Bio – Joshua Santospirito is an award-winning comic-maker, illustrator, writer, musician who lives in Hobart, Tasmania. Josh’s graphic novels The Long Weekend in Alice Springs and Swallows Part One can be snaffled from Sankessto Publications.

Life drawing sketches

22 Jul

This year I’ve been enjoying doing more life drawing. 

Long Weekend short film

7 Jul

This 16 minutes short-film was made from the performance that was commissioned by Brian Ritchie for MONA FOMA 2016 in Hobart, Tasmania, Australia. The live version, just like this film version, was narrated by Craig San Roque with music by Joshua Santospirito, with visuals projected onto the big screen at the Odeon Theatre and then repeated again at Cinemona in the Museum of Old and New Art (MONA) in January, 2016.

The art and story in this film is extracted from the award-winning graphic novel of the same name, which can be purchased from sankessto.com/product/the-long-weekend-in-alice-springs The Long Weekend is the cult favourite graphic novel, adapted from an original 2004 essay that explores the Jungian concept of the cultural complex; an idea about group behaviour that was left largely unexplored until very recently in the academic world.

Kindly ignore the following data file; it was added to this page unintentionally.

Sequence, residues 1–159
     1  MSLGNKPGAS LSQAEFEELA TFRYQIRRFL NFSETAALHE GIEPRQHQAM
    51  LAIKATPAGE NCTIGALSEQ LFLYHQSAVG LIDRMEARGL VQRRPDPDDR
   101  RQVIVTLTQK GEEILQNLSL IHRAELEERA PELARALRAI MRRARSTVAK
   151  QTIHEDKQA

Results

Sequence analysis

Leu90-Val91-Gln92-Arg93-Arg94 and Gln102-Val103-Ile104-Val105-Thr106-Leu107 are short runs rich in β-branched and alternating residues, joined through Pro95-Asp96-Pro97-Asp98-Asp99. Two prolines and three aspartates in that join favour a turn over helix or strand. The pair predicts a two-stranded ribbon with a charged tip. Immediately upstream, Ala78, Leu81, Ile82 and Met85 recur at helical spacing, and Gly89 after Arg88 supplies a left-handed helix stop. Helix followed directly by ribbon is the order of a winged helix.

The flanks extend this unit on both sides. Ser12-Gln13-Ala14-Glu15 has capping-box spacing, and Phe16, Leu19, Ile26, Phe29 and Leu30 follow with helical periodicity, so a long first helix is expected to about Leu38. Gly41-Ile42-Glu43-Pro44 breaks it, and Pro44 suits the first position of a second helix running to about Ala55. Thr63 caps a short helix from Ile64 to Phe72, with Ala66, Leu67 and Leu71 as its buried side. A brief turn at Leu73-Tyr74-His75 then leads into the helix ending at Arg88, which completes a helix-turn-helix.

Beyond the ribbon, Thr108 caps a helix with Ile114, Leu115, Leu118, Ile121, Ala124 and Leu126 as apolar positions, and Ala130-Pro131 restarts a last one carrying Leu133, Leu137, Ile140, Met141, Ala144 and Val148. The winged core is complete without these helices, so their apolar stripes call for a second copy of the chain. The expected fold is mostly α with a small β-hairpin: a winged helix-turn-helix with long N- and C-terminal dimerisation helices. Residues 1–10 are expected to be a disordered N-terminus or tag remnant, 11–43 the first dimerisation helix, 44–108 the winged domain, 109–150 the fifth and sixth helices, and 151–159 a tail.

Neil Gaiman – “this Australian graphic novel is the best thing I’ve been handed to read in ages”

The Australian Review – “… one of the oddest and most rewarding Australian comics that has yet appeared”

Joshua’s website is at – joshuasantospiritoart.com

Sound recording for the film are by Matt Warren

Aeolian Exhibition

4 Jul

I was asked by the great people involved with the Aeolian Hall in Carlton to be part of the interviews for this lovely documentary that is part of the Aeolian Exhibition which is at the Immigration Museum currently. It turned out quite well! I’m the last one interviewed of the seven people that were chosen to represent the descendants of those from the seven Aeolian islands. I mention the making of Swallows.

This week the exhibition of artwork from Swallows Part One went up, my graphic novel about my Aeolian ancestors – it’s running from July to October as an addendum to the Aeolian exhibition at the Immigration Museum in Melbourne. I’ll be heading over there for an artists talk on Saturday August the 6th at 2pm. Stay toon’d.